Social media self-promoters live for that “re-tweet,” or Facebook “Like” – actions that can go a long way toward spreading a message to a large audience. But in today’s ever evolving social media landscape, simply broadcasting your message is no longer enough, particularly in politics.
“If we look at social networking in 2008, it was a one-way conversation, where candidates could put out a message and it may or may not be heard by an audience,” said Richard Schultz, CEO of Floop, a social polling app. Now, he said, “the conversations have become more collaborative and global.”
“People are getting on [social networking sites] and are interested in talking with their friends, seeing what the communities think about different issues and different candidates.”
That means Republican presidential candidates face increasing scrutiny, not just from opponents, but from the watchful eye of social media crowds. Fans, followers and now social pollsters are watching and dissecting a candidate’s every move.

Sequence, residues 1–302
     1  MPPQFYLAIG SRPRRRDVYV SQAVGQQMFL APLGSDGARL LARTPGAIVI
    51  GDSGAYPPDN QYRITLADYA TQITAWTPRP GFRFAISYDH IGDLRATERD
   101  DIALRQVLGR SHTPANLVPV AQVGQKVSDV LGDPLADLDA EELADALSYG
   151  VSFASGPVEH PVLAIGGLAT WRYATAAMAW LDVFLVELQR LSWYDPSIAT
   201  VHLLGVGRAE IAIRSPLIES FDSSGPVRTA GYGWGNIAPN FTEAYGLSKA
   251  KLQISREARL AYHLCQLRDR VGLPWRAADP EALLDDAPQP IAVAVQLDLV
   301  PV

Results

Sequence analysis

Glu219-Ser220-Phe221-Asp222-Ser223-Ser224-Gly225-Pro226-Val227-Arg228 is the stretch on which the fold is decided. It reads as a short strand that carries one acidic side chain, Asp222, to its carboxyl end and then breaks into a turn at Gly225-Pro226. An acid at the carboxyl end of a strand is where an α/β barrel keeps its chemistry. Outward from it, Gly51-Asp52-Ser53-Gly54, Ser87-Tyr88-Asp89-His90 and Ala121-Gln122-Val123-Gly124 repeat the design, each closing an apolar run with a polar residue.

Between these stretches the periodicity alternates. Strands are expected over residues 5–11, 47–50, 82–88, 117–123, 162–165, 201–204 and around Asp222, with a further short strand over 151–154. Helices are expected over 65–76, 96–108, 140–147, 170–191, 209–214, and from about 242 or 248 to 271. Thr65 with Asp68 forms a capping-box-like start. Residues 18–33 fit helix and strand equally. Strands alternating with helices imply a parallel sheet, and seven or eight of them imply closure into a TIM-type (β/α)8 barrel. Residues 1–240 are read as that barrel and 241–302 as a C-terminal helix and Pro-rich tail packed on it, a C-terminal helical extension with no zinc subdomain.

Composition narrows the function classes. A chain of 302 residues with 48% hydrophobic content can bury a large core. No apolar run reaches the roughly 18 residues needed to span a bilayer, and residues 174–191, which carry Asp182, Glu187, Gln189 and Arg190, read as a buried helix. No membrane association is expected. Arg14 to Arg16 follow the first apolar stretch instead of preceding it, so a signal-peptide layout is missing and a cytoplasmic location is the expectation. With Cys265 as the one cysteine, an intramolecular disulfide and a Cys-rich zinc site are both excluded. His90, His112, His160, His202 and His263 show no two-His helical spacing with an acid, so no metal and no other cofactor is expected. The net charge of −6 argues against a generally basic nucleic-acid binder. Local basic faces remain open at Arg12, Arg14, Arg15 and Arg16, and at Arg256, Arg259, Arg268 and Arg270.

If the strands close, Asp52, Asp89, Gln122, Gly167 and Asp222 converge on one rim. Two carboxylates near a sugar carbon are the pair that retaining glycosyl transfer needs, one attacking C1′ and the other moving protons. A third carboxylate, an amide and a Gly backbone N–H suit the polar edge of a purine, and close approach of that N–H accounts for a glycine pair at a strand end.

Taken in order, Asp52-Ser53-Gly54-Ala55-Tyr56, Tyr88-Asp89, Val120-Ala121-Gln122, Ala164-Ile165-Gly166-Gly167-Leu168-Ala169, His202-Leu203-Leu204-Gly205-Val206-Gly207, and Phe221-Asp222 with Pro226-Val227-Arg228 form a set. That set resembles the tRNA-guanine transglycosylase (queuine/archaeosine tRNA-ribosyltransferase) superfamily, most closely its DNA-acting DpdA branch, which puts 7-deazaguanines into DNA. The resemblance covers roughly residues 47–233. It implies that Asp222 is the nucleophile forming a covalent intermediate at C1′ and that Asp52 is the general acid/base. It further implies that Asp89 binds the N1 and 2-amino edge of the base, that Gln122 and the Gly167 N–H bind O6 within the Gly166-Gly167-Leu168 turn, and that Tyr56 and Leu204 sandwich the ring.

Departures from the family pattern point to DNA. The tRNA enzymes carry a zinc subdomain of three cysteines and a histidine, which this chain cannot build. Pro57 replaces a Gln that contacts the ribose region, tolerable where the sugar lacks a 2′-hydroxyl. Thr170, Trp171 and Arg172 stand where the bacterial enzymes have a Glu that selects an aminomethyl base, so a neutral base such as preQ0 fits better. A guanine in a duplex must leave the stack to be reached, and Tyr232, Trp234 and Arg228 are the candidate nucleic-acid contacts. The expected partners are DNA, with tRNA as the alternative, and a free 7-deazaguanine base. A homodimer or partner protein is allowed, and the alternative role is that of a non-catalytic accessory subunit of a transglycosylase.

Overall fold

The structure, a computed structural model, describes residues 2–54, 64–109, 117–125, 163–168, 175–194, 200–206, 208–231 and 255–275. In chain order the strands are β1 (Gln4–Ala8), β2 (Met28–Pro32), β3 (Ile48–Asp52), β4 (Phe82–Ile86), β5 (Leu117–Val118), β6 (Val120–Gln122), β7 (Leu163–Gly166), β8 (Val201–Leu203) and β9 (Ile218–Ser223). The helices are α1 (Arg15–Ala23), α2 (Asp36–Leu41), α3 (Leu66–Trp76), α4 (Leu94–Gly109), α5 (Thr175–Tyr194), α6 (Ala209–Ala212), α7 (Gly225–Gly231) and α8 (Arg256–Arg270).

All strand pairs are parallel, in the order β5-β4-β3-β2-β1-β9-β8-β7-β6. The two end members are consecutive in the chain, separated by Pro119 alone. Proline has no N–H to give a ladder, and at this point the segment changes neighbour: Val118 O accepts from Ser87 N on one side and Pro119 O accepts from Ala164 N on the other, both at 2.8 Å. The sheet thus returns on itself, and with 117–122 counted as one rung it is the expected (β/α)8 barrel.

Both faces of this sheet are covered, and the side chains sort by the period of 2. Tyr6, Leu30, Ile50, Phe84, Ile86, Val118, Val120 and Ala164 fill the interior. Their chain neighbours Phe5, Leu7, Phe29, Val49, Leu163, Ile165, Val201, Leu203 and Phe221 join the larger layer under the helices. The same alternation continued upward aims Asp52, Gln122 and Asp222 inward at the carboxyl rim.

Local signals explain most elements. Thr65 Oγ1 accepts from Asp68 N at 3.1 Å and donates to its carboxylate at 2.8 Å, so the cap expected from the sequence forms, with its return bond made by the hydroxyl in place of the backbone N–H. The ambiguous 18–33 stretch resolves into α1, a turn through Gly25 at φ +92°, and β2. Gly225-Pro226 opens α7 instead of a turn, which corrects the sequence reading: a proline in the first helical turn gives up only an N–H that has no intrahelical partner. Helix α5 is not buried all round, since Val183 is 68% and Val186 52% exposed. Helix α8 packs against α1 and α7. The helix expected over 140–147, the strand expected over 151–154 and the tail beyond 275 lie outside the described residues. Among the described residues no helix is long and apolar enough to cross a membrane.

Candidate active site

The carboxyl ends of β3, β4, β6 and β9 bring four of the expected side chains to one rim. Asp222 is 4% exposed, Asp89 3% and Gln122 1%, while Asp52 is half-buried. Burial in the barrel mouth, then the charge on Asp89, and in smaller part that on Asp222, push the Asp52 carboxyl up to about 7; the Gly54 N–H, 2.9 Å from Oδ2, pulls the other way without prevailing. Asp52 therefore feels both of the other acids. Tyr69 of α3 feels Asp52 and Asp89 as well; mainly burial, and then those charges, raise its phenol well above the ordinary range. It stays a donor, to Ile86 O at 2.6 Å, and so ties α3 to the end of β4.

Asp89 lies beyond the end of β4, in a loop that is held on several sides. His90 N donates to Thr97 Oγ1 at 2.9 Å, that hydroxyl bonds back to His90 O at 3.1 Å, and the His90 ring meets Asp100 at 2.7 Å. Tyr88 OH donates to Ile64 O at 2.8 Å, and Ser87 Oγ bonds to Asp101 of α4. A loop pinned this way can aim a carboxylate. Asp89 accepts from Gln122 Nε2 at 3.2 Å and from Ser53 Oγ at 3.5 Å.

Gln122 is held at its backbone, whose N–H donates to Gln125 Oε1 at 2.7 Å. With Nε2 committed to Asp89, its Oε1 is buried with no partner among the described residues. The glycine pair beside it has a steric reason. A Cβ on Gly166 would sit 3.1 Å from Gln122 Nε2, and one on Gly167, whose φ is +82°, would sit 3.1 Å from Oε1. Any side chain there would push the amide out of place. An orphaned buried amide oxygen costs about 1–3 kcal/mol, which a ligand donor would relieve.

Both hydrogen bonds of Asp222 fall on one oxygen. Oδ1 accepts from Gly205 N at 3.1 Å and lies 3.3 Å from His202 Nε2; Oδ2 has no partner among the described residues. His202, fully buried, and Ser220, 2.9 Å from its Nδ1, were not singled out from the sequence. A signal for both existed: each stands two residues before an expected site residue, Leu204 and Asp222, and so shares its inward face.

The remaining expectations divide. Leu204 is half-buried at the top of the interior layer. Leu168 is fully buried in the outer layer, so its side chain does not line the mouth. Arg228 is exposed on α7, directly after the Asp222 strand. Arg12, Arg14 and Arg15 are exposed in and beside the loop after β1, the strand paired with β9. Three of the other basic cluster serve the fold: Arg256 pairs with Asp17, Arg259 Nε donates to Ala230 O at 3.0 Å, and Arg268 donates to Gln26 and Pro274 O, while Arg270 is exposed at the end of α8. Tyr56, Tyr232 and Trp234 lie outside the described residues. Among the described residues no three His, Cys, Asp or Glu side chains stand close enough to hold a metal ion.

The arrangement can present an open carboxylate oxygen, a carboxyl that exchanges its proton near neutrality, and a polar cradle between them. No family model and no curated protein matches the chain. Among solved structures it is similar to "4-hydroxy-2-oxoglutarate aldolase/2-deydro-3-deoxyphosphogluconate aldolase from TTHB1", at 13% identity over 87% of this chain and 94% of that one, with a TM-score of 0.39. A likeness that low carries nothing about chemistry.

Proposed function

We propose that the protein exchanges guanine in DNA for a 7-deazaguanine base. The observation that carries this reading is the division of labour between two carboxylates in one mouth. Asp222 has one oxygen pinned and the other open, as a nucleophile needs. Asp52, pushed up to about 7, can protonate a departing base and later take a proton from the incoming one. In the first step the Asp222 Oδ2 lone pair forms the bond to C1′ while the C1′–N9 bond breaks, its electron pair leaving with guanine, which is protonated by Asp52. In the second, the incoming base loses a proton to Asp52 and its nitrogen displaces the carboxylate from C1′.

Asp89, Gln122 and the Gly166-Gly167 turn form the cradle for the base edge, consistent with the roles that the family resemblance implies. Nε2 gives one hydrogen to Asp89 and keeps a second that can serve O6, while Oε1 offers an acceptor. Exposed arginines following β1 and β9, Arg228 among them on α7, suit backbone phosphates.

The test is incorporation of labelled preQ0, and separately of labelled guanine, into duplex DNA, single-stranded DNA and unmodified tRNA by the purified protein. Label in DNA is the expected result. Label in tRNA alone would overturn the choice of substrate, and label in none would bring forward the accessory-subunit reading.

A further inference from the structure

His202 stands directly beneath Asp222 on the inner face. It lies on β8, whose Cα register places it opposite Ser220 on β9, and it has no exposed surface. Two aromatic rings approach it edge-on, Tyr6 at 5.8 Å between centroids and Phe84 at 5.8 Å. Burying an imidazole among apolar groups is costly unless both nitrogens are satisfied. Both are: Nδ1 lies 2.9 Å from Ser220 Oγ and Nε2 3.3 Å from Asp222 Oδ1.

Schultz predicts social polling apps will play a “critical role” in the 2012 election.
“[The] people going to town hall meetings and Occupy Wall Street protests are largely the people who have the most free time to be able to do those things,” Schultz told ABC’s “Top Line” today. “In contrast, the number of people getting on social networks and expressing these sort of opinions and viewing them is exponentially larger than the number of people showing up in person.”
Schultz said Floop users can log onto events – say, tonight’s GOP presidential debate – and weigh in on topics and candidates in real time. A graph would also move up or down during the debate, reflecting positive or negative responses to candidates as they speak.
“It’s not just a passive conversation. You get to watch the sentiment in real time as the candidates talk about a variety of events,” said Schultz.
For those influenced by peers, Floop tracks what users’ friends are saying about particular topics. Want to see what neighbors are thinking? Floop tracks that, too, showing “what people near you are thinking about different topics, what’s important to them,” said Schultz.
“It gives you a very broad slice of the population in general, and people who are paying specific attention to the event as it’s going on.”